Invisible art

Whenever I go to mass (I don’t go as often as I should), I’m alert to the art in the church. Last winter, we made our first visit to Our Lady, Queen of the Most Holy Rosary Cathedral, which is seat of the archdiocese of Toledo, Ohio. The cathedral is resplendent with mosaics of every kind. The magnificent mosaic of Our Lady behind the altar is shown in the accompanying photograph.

The cathedral was built in the late 20’s and shows the Church’s still-living artistic traditions, at least as to purpose. Putting aside the expense, can you imagine a comparable church being built today? Or even 20 years after it was dedicated in 1941?

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Not only are the traditions that informed the church’s artistic style gone, it’s purpose is lost as well. Practically every inch of the huge cathedral is covered with art. The experience is similar to sitting in one of the grand European churches, such as Sainte-Chapelle in Paris. Sitting in such a space is a moving and profound experience.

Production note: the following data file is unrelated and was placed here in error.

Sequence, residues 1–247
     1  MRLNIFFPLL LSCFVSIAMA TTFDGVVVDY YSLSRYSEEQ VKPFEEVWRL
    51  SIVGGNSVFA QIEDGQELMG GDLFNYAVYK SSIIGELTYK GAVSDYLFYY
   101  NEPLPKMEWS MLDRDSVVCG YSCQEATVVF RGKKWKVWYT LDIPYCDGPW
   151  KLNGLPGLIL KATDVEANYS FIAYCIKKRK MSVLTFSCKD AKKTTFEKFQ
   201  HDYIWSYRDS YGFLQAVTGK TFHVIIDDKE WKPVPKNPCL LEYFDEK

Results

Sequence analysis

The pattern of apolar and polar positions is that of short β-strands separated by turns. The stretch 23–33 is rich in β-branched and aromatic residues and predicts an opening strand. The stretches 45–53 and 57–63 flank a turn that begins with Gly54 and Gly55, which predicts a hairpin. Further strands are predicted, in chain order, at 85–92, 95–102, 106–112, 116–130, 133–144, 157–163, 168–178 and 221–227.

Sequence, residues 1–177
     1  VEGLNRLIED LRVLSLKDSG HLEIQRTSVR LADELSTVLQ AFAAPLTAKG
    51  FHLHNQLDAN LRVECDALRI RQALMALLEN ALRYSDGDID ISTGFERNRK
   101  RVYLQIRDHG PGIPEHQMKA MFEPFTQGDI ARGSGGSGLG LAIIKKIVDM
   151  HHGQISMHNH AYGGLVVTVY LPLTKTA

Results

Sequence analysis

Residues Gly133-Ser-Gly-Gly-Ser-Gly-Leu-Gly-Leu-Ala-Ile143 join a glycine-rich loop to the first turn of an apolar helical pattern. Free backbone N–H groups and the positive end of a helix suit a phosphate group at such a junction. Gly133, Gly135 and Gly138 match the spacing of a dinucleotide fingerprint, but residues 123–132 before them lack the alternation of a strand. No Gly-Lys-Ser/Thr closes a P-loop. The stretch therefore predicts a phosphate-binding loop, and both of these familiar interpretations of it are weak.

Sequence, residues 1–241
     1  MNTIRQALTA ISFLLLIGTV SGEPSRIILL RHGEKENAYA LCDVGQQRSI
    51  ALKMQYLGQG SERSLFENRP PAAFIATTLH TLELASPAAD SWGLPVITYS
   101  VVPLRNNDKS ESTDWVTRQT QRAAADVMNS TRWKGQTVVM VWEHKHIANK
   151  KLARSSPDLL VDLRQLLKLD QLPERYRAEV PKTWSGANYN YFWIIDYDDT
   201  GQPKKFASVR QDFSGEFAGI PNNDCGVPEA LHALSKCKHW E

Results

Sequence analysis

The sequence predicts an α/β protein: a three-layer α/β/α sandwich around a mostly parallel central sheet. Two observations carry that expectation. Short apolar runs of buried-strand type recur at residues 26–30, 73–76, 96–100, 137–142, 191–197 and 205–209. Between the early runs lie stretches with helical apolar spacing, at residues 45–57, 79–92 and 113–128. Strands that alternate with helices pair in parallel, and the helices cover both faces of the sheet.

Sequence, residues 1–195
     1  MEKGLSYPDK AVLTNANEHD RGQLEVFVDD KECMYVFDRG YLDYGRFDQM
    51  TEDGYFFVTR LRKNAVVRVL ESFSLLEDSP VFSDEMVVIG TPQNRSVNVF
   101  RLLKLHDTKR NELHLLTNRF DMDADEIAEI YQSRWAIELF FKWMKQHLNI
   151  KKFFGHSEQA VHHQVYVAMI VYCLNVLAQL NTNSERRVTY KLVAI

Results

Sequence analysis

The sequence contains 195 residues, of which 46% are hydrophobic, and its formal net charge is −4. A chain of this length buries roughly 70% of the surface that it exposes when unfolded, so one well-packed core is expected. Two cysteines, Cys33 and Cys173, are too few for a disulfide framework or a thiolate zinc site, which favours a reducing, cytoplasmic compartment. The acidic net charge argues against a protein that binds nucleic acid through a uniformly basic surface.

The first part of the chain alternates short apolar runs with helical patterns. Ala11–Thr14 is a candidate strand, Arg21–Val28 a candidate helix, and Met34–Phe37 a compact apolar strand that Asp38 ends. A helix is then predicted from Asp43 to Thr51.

By contrast, modern churches (I’ve been in a lot of Protestant churches too) are bereft of art, and what little there is is modest and unobtrusive. Highly abstract and lacking particulars, modern church art strives to be polite and invisible. You never see open-throated depictions of martyrdom, or Christ’s suffering–staples of the earlier traditions.

Something was lost and what has replaced it is unsatisfying, poor, and–like I said–invisible.

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